>allocated and you use a separate physical drives for the Windows/4D vm,
>ideally a SSD.
>
>Peter
>_______________________________________________
>Active4D-dev mailing list
>[hidden email]
>http://list.aparajitaworld.com/listinfo/active4d-dev
>Archives: http://active4d-nabble.aparajitaworld.com/
>


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Re: Active4D running in a VM? (revisited)

Perkins, Bradley D
Clayton,

Thanks for sharing your experience. I'll PM you as this effort evolves.

-- Brad

On 5/7/15 2:03 PM, "Clayton Donahue" <[hidden email]> wrote:

>Hi Brad,
>
>Apologies if this thread is getting a bit stale, but I did want to chime
>in with our experiences, as we may have been one of the original posts on
>this topic a few years back ...
>
>We run approximately two dozen VMs on a three-host VMWare cluster. This
>includes both "production" and "staging" machines. Of these, four are
>production 4D databases. Similarly to what you're proposing, we also run
>an Apache VM on an Ubuntu 14.04 install that serves as a front-end
>reverse-proxy for the applications.
>
>As far as the physical setup, the servers themselves were pretty
>top-of-the-line when we originally provisioned them. Dual-processor with
>a healthy dose or RAM. We back these up with two SAN storage devices, one
>of which uses SAS drives (for the production VMs) and another older
>device using SATA drives (for staging, non-critical machines). Overall,
>we've been largely happy with this setup over the years. A few takeaways:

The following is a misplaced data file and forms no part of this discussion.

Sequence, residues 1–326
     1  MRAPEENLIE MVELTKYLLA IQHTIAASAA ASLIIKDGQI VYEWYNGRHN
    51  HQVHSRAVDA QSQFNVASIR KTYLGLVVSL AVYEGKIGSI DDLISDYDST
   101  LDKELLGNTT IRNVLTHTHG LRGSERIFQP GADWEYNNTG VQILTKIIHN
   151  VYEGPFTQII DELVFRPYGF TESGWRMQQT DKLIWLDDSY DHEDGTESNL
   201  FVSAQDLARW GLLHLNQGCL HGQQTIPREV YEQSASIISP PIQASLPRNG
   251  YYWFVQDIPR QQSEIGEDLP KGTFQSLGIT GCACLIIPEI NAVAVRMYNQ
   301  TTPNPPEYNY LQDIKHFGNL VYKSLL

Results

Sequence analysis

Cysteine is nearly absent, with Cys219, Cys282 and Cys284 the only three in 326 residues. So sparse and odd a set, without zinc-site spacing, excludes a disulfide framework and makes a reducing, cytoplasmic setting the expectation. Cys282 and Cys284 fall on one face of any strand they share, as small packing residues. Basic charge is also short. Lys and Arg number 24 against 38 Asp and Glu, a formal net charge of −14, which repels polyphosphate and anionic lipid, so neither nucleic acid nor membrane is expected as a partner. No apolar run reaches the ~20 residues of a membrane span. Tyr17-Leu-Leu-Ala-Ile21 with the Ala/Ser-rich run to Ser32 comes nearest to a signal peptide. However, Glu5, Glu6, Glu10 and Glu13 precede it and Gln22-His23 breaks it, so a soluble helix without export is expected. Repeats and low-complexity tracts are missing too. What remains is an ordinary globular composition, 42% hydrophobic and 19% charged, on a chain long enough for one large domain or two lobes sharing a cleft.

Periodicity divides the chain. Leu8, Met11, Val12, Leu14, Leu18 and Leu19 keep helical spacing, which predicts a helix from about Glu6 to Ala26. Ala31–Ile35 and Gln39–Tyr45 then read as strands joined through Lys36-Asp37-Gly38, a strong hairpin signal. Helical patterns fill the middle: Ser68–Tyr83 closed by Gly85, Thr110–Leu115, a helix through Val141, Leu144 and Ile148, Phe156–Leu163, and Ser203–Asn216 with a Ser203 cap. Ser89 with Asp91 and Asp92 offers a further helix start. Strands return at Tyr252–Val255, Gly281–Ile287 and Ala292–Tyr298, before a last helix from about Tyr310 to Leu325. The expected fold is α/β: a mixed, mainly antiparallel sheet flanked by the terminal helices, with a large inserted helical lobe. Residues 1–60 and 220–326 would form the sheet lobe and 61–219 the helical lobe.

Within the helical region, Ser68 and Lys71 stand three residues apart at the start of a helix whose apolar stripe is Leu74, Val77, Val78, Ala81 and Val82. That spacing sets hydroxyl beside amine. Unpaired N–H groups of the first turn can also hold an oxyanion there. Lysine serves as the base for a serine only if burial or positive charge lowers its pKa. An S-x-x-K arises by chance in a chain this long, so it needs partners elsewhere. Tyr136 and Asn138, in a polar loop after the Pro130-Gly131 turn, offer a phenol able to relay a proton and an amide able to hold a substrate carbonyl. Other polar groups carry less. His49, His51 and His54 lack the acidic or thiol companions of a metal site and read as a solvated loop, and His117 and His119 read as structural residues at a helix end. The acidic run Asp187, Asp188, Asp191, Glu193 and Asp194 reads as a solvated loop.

>
>- Add as much RAM as you can and spend money on your disks. We've had
>issues with some of our SANs and they can be a major source of headaches.
>The new VSAN tech in VMWare 6.0 is looking like it might be a promising
>alternative to networked storage, though.
>- Have the initial setup be done by someone who deals with VMWare on a
>daily basis. I can't even begin to describe the amount of black magic and
>voodoo behind some of the setup options that I've seen folks fiddling
>with, but it makes an enormous difference performance-wise.
>- Depending on the setup, you may see a performance drop in moving from
>fast local hardware on bare iron, to a virtualized environment. But ...
>- The ability to spin up new VMs, take snapshots, have high-availability
>failover is really nice.
>
>Feel free to PM me if you'd like any more details on our experience with
>this setup.
>
>Thanks,
>- Clayton
>
>
>Clayton Donahue
>iVantage Health Analytics(r)
>300 Chestnut St., Suite 101 | Needham, MA 02492
>direct: 781.247.2071 | office: 781.449.5287
>email: [hidden email] | iVantageHealth.com
>
>________________________________________
>From: [hidden email]
><[hidden email]> on behalf of Perkins, Bradley D
><[hidden email]>
>Sent: Tuesday, April 21, 2015 10:16 AM
>To: Active4D Developer Discussion List
>Subject: Re: [Active4d-dev] Active4D running in a VM? (revisited)
>
>Peter,
>
>Thanks for sharing your experience. If you don't mind can I ask you some
>questions off list?
>
>Best,
>
>Brad
>
>On 4/21/15 1:03 AM, "Peter Gutbrod" <[hidden email]> wrote:
>
>>Hi Brad,
>>
>>I'm doing this for about 2-3 years. Runs perfectly smooth and rock solid.
>>
>>You can run your Windows/4D vm and your Linux/Apache vm on the same
>>host. For best performance make sure the Windows/4D vm has plenty of RAM
>>allocated and you use a separate physical drives for the Windows/4D vm,
>>ideally a SSD.
>>
>>Peter
>>_______________________________________________
>>Active4D-dev mailing list
>>[hidden email]
>>http://list.aparajitaworld.com/listinfo/active4d-dev
>>Archives: http://active4d-nabble.aparajitaworld.com/
>>
>
>
>_______________________________________________
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>Archives: http://active4d-nabble.aparajitaworld.com/
>